- Application-Specific: Provides security limits between application areas. It is only distributed to devices that share certain specific applications.
- Installation: This security key is only distributed to a small number of devices, typically to the configuration application and to those devices that require configuration.
- Distribution: This key is used to distribute the General-Network-Access, User-Authenticated and Application-Specific keys in a secure manner.
- Device-Master: It is only used to distribute the Distribution key. This key is unique to each device and must be kept as secure as possible.
Network security policies
BACnet applies message security at the network layer. BACnet non-encrypted messages are placed in the data section of a new secure message. This encryption is subject to 4 network security policies depending on whether hardware security, protocol security or no security is applied:
- Plain-trusted: requires physical security; no protocol security applied
- Signed-trusted: physical security not required; secured with signatures
- Encrypted-trusted: Security is ensured by means of encryption, implemented by AES and thus physical security is not required.
- Plain-non-trusted: not physically secure; no signature or encryption applied. Plain text message.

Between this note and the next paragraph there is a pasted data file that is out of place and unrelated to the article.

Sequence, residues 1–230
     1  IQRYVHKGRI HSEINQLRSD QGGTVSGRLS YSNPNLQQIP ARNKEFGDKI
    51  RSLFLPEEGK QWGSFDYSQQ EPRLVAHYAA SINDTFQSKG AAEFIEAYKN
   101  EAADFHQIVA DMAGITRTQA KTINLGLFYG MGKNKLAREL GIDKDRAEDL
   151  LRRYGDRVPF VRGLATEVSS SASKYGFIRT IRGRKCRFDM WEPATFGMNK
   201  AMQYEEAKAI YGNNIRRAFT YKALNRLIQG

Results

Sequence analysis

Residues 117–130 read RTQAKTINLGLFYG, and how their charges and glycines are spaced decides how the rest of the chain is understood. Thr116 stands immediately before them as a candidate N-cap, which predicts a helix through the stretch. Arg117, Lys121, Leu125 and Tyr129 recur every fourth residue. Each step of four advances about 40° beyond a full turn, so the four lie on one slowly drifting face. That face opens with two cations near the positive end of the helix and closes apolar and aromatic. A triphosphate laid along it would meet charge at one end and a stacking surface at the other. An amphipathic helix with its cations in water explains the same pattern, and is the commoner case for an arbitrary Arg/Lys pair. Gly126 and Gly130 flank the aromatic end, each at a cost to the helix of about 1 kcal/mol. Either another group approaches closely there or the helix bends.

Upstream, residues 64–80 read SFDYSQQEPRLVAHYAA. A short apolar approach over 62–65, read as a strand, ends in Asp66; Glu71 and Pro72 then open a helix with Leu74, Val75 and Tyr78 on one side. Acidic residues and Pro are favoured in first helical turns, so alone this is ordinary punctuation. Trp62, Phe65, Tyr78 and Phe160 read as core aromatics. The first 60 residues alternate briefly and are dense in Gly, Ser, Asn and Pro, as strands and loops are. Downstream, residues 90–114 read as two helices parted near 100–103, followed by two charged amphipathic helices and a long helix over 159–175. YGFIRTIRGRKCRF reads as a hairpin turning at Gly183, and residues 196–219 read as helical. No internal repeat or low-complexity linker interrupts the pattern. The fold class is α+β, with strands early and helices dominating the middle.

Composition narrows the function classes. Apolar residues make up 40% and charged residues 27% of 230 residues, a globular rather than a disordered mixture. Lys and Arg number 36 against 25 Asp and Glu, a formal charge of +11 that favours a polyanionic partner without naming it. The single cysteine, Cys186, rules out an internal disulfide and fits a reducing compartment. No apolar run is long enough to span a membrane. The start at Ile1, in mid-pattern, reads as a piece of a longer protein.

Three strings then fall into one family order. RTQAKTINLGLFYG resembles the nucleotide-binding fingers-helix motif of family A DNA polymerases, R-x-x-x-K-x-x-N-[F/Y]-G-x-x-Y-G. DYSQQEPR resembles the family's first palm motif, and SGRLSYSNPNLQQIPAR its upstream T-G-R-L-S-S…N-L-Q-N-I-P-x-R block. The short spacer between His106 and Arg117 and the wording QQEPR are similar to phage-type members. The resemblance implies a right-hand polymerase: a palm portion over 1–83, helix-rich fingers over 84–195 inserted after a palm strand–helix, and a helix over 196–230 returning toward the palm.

BACnet security messages use the same security frame consisting of a fixed header, an optional body and a required signature.
-BACnet security message fields-
Basic security level implemented to each message to make it secure is adding a HMAC signature.
Secure BACnet devices are set to a basic device security policy which establishes the minimum security level for sending or receiving messages in the relevant device.
In all cases where a message is deprived of security measures, either in the target device or because the target device has a different security policy, messages must be authenticated. Such authentication consists on validation of source MAC address, an unique message ID, a time stamp, and the message signature.
Regarding user authentication, BACnet security architecture allows several authentication methods, but only one is defined: proxy user authentication. It is foreseen that, in the future, more authentication methods may be defined.
The features described above, proposed in “Addendum g to BACnet Standard 135-2008”, allow to prevent a series of attacks on BACnet networks. Among them, the following are especially noteworthy:
- BACnet spoofing: This attack is similar to ARP spoofing or IP spoofing, which occur in the IT environment. Compromised devices generate fake messages that force other devices to send their own messages through the attacking device.
- Denial of Service Attacks: This attack is carried out by flooding the BACnet network. The attacker sends broadcast messages to an unspecified list of target devices, to which all devices must answer, creating unnecessary traffic in the network.
- Attack on writing capabilities: This changes the current value of the BACnet object properties. The result of this attack depends on the object and property affected.
- Disabling network connections: This may be done by means of several BACnet services. BACnet network routing tables may be corrupted by a compromised device which shares faulty routing information. It is also possible to disable network connection by sending specific false messages.